December 15, 2011
Keep Arms And Legs Hairy To Keep Bed Bugs Away
Looking to avoid confrontations with bed bugs? You will be better off not shaving your legs according to researchers in the UK.
Twenty-nine volunteers bravely tested the theory by Michael Siva-Jothy, from Sheffield University´s Department of Animal and Plant Sciences, BBC News is reporting. Siva-Jothy found that more layers of both long and short body hair near the surface appeared to work as a deterrent to the blood-sucking insects, with the finer hairs acting as an early warning system.
Siva-Jothy explains, “Our findings show that more body hairs mean better detection of parasites - the hairs have nerves attached to them and provide us with the ability to detect displacement.”
“The results have implications for understanding why we look the way we do, what selective forces might have driven us to look the way we do, and may even provide insight for better understanding of how to reduce biting insects´ impact on humans.”
However do not make the assumption that men will be less bothered by the insects than women, who generally have less body hair than men. Research is proving that men do not appear to be bitten less often, The Daily mail reports.
Siva-Jothy added that extreme hairiness might also be more of a disadvantage than an advantage despite the logic of the theory, “If you have a heavy coat of long thick hairs it is easier for parasites to hide, even if you can detect them.”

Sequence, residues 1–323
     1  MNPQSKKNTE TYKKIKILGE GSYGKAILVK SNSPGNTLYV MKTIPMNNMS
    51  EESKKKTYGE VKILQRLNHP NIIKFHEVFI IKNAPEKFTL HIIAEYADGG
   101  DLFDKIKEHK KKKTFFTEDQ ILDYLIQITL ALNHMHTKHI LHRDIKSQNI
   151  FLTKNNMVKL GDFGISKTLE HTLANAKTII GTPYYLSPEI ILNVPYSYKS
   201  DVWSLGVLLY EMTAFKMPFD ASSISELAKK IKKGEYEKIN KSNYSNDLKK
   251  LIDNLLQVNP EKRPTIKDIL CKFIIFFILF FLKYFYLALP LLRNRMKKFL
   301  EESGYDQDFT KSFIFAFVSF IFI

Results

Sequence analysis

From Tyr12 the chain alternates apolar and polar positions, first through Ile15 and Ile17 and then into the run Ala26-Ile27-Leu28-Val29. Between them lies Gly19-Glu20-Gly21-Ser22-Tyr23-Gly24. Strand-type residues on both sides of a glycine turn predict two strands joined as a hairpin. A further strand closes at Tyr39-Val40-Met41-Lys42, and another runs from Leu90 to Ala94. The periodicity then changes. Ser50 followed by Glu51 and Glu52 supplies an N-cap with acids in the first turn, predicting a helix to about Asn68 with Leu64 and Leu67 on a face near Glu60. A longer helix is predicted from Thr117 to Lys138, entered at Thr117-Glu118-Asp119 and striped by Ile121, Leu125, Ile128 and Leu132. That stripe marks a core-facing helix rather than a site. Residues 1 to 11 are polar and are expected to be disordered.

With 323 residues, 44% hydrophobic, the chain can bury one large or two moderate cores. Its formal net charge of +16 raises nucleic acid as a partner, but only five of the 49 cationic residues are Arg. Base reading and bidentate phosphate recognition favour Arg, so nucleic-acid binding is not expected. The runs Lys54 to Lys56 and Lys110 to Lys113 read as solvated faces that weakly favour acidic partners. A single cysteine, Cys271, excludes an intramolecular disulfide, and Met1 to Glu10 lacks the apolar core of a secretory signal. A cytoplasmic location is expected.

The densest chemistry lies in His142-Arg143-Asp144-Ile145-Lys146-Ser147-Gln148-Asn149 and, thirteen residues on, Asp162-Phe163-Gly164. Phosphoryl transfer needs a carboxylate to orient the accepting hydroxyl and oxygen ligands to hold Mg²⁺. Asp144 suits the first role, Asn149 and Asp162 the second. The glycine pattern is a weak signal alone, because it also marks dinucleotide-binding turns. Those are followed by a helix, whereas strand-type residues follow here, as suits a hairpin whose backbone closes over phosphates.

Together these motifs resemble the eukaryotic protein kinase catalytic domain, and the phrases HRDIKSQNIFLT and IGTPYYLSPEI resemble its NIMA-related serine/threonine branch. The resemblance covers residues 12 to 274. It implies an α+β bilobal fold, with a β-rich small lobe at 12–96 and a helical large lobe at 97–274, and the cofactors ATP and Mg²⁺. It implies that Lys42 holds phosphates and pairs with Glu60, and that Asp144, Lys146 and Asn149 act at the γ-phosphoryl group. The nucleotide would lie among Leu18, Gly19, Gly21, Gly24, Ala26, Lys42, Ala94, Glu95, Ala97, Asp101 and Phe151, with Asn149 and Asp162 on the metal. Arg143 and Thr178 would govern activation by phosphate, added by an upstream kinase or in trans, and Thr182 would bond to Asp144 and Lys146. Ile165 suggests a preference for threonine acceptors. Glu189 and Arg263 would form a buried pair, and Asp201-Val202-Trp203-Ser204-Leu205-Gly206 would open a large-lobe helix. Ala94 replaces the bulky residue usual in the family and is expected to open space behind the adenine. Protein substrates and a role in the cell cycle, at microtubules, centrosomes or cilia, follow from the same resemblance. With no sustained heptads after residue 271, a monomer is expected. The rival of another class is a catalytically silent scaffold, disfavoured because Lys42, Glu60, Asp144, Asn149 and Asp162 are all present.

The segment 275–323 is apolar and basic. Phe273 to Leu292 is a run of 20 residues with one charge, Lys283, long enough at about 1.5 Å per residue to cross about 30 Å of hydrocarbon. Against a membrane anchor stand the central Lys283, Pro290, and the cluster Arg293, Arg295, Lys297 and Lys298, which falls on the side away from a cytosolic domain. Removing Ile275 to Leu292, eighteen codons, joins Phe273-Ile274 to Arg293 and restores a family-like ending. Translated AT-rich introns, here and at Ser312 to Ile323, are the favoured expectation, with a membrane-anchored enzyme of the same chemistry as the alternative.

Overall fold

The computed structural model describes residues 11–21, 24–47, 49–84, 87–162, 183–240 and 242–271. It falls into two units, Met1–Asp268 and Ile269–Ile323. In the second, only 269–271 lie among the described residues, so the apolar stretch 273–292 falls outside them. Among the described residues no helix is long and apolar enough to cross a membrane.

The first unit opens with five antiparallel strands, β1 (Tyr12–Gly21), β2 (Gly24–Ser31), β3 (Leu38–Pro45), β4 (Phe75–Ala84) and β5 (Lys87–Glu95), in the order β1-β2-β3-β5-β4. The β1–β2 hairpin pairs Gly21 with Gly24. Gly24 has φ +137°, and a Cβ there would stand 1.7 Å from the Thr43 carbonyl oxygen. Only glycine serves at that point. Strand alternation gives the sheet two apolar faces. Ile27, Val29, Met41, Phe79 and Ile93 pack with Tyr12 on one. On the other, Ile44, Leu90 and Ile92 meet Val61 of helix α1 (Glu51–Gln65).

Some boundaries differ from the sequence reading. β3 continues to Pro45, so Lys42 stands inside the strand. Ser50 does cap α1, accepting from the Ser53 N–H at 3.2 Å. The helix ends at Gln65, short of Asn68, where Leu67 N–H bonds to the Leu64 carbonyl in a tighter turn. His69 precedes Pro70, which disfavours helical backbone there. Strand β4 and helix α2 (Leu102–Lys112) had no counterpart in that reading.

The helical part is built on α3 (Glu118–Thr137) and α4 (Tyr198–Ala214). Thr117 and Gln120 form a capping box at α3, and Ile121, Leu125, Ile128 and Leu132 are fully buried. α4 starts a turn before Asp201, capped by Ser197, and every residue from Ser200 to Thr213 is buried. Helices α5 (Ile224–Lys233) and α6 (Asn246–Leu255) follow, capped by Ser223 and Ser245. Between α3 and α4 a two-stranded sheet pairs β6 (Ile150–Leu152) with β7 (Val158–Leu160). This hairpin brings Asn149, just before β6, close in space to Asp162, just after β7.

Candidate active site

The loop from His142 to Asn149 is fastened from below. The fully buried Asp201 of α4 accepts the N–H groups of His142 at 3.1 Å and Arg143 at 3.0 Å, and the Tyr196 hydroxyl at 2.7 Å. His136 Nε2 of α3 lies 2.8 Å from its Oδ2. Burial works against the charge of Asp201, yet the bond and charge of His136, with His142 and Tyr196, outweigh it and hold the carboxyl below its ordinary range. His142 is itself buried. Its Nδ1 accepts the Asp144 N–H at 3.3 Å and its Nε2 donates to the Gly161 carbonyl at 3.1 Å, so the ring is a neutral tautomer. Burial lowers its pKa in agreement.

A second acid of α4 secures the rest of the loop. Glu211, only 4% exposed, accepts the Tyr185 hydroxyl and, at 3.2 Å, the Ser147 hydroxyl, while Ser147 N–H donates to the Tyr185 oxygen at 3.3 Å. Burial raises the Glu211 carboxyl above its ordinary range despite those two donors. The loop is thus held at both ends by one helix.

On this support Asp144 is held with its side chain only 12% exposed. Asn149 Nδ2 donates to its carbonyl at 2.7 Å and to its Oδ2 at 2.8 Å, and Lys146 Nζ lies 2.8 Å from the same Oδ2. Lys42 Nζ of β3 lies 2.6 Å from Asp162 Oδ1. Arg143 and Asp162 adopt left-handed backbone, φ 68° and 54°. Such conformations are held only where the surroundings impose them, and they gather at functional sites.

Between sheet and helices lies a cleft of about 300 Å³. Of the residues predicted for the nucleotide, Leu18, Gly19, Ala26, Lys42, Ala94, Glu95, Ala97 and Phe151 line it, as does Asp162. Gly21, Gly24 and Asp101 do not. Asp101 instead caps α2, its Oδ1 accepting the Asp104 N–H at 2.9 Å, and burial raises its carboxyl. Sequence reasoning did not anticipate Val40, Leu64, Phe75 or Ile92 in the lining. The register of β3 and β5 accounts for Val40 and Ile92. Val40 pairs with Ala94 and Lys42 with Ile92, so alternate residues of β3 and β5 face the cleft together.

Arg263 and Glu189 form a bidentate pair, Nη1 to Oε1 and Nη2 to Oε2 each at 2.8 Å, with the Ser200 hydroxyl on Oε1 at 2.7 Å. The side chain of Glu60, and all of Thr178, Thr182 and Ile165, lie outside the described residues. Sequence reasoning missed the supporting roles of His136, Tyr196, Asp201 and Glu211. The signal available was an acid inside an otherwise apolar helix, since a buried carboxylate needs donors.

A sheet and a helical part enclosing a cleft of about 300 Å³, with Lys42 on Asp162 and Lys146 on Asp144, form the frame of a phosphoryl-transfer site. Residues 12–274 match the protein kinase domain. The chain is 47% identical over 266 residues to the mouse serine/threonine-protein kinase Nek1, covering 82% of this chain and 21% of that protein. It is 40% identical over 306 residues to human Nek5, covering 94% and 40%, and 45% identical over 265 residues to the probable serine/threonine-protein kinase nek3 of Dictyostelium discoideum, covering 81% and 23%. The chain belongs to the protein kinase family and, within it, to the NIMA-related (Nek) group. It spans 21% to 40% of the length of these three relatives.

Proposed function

“Our proposal is that we retain the fine covering because it aids detection and if we lost all hair, even the relatively invisible fine hair, our detection ability goes right down.”
Mark Pagel, an evolutionary biologist and professor at the University of Reading, said that biting parasites remain a major cause of disease and death worldwide, making them a potentially enormous evolutionary pressure on early man.
“This vellus hair is certainly no use for anything else, so it is a reasonable hypothesis that it developed in response to a strong selective pressure in our past. Mammals are unique in developing this wonderful fur, and humans are the only mammals to jettison it, so there must have been a very good reason to do so.”
The researchers are investigating the biology, reproduction and immunity of blood-sucking insects with the aim to find more effective controls for parasitic insects and the diseases they spread.
Results of the research are published in the Royal Society journal Biology Letters.
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